Two local charities team up to get Guernsey on board with bowel health
Monday 31 March 2014
'30 days to a new you' is the challenge two local charities have set for five local media volunteers during the coming month.
April is Bowel Cancer Awareness month and Male Uprising Guernsey has joined forces with Bowel Cancer Guernsey to drive home the message that adopting a healthy lifestyle is the best way to avoid bowel cancer. The two charities have enlisted the help of BBC Radio Guernsey presenter John Randall, BBC Channel Island News reporter Penny Elderfield, Guernsey Press photographer Tom Tardif and Guernsey Press sub editors Mark Ogier and Anna Barkman to demonstrate to islanders that small changes can make a big difference to our health.
The volunteers have all been assessed by personal trainer Martin Yabsley of X The Finish Line and HSSD Clinical Dietician Ellie Gould who have drawn up personal fitness, diet and lifestyle plans for them to work to. Throughout April the volunteers will meet regularly with the two professionals to review their progress. 'I spend most of the day sitting at a desk behind a microphone' said John Randall, 'although I try to maintain a healthy diet I could certainly lose some weight and improve my fitness'. Penny Elderfield says although she's reasonably fit she tries lots of diets but hasn't found one to suit her so she's looking forward to getting some sound advice on how to adapt her way of living.
Guernsey Press photographer Tom Tardif said 'No two days are ever the same for me as I work on shift and can be out taking pictures at any time of the day or night so I tend to snack sometimes rather than eat regular balanced meals'. Mark Ogier and Anna Barkman both say that they lead fairly sedentary lives at work as a sub editors at the newspaper. All five are keen to support Bowel Cancer Awareness month and hope that what they are doing will encourage others to change their habits too.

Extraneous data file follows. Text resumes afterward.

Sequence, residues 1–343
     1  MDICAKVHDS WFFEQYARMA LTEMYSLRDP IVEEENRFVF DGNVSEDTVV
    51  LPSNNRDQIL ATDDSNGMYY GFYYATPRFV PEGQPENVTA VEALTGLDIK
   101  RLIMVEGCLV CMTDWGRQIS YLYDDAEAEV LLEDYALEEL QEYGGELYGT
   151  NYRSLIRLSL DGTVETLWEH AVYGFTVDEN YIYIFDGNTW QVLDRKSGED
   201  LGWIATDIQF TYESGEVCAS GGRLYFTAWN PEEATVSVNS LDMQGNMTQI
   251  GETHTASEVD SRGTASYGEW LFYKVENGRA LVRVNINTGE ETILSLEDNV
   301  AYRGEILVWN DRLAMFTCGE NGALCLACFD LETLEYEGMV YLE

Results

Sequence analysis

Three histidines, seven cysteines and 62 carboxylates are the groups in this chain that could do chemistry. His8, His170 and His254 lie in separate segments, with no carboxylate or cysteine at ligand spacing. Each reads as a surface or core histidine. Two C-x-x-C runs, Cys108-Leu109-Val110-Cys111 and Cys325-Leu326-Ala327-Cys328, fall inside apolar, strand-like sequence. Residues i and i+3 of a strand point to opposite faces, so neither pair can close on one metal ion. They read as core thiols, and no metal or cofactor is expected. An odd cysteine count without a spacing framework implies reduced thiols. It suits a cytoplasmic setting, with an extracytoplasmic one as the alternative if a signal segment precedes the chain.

'Both charities are urging everyone in Guernsey to make April the month they think about their diet and lifestyle and make the positive changes that can help to reduce the chances of developing this disease,' says Ann Nippers, Bowel Cancer Guernsey Trustee. 'Anyone wanting to get some ideas and advice can download a variety of comprehensive leaflets from our website or telephone the Health Promotion Unit on 707311' she said.
'Bowel cancer affects both men and women and although most cases are diagnosed in people over 50 it's important to get in to the habit of leading a healthy lifestyle from an early age' said Trevor Kelham, Chairman of MUG. 'That's why we're encouraging all islanders to take up our 30 day challenge'.
"We're not asking people to make drastic changes to what they eat but to think about increasing their intake of fresh vegetables and fruit and reducing consumption of red and processed meat' said Ms Gould. 'The message we want to get across is that getting in to the habit of eating a healthy, balanced diet can make a big difference to your general well being'.
Personal trainer Martin Yablsey advises, 'Various studies have shown that low levels of physical activity can increase the risk of certain cancers plus an inactive lifestyle can lead to other health problems. If you are new to exercise, don't overdo it, start slowly and build up. Walking is a great form of exercise for any one not currently very active. Getting out in your lunch-break or walking to work really can make a difference. Vary your routes to keep it interesting and find someone to exercise with - there's lots of evidence to support the benefits of getting fit with a friend.'
The two charities have worked with local experts to create an online information hub (bowelcancerguernsey.org) where anyone interested in making positive health changes can get on board with bowel health. There is bowel friendly nutrition information, exercise ideas, healthy food swaps and recipes to download.
Plus Bowel Cancer Awareness Month will be supported with a high profile adverting campaign created in conjunction with the two charities and there'll be more activities announced throughout the month.
Bowel Cancer is Guernsey's third most common cancer with around 40 to 45 new cases diagnosed each year. Age, lifestyle, diet and family history are all factors that affect your chances of developing the cancer. Over 90% of people who are diagnosed in the early stages of bowel cancer survive at least five years. An early diagnosis will make a difference to the complexity of treatment required and long term survival rates.
Losing weight and increasing the amount of exercise you do is an important step towards a healthier lifestyle. According to Cancer Research UK there have been many studies looking at exercise and preventing bowel cancer. The largest studies show that exercise could reduce colon cancer risk by about a quarter. By maintaining a healthy weight, the studies estimate that the risk of developing the disease could be as much as halved, compared to people who are overweight and don't exercise.
Thank you to Richard Lord, Sustainable Guernsey for the photograph.